Here’s a look at the yield spread between the 5- and 30-year Treasuries. The gap between the two recently narrowed to 177 basis points which is a 4.5-year low.
What’s happening is that the back end of the yield curve is starting to flatten. Bear in mind that it’s still quite steep. It’s merely not as steep as it used to be.
What does this flatter back end mean? It’s hard to say but I suspect there are two opposing forces at work. At one end, investors are realizing that the U.S. fiscal situation isn’t as dire as once believed. The CBO recently had the “good” news that this year’s deficit will be under half a trillion dollars (yay?). That’s huge but not as huge as it used to be. Also, yields in the middle part of the yield curve are starting to reflect the belief that interest rates will rise next year, and in 2016.
Here’s a look at the yield curve from five months ago and from yesterday. You can see where the red line is both higher and lower than the blue.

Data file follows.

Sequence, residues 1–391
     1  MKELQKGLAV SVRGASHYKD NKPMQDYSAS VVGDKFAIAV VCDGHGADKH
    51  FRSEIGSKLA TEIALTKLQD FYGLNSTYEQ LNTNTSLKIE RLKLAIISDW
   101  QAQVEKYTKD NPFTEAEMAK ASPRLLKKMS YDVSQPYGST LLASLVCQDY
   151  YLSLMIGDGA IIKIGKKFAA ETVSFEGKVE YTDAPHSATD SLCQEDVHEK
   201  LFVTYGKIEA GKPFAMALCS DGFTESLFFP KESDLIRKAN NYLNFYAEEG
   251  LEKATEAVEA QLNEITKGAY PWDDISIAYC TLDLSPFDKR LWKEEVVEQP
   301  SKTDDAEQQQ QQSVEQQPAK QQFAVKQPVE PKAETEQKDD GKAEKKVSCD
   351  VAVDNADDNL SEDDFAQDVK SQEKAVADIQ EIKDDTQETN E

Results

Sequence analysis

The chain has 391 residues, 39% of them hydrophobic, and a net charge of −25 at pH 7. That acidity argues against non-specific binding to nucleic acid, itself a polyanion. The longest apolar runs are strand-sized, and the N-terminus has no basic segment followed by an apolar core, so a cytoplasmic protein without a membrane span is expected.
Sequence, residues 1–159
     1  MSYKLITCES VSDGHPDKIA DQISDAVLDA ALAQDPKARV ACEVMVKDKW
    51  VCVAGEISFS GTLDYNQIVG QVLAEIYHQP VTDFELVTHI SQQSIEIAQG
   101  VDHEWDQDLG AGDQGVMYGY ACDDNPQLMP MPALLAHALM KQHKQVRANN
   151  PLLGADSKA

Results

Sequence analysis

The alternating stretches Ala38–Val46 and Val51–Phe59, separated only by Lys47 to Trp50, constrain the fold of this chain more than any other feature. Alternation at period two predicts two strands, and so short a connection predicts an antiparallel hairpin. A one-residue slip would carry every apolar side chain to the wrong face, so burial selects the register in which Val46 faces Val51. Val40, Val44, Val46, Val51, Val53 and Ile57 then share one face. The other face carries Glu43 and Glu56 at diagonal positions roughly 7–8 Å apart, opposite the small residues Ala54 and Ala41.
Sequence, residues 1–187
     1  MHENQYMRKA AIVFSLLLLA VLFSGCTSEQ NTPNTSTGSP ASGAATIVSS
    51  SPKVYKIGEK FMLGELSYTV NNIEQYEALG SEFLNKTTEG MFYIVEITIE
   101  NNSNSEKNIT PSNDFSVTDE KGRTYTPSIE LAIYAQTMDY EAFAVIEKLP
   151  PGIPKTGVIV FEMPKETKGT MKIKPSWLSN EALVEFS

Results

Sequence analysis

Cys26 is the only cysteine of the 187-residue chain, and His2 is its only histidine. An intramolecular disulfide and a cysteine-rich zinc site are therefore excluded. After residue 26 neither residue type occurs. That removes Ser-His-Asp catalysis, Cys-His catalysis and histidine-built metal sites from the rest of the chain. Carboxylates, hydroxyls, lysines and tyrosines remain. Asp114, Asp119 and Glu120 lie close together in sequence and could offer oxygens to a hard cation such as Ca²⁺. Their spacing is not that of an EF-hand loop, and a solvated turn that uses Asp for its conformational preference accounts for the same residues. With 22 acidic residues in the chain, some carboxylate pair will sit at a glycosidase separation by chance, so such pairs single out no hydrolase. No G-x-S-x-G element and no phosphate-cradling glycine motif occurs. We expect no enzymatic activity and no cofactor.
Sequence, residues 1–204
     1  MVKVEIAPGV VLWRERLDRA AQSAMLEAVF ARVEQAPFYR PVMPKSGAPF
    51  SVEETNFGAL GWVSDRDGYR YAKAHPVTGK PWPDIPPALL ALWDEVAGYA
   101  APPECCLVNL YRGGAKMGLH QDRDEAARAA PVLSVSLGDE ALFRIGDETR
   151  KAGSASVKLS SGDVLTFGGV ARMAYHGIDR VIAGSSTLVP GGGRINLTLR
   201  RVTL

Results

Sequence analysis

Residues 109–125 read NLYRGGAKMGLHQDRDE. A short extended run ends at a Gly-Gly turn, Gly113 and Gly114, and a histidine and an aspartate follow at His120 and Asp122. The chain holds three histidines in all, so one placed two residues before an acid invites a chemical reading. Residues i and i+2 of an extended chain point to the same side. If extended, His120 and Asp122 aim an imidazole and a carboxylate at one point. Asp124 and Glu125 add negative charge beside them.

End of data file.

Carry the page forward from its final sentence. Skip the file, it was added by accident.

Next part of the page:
Historically, the best indicator for the economy has been the spread between the 2- and 10-year Treasuries. That’s still quite wide.
The consensus is usually wrong among financial analysts, so it is a fairly safe bet that the most likely future scenario for Federal Reserve policy will not be the one that everybody is expecting.
Right now Fed chair Dr. Yellen has us on course for a gradual wind-up of the QE money program by this autumn and a steady rise in interest rates as the US economy recovers up to full speed and only then will interest rates get back to their long-run averages. It’s a rosy scenario that has investors switching from bonds to equities to participate in the coming boom.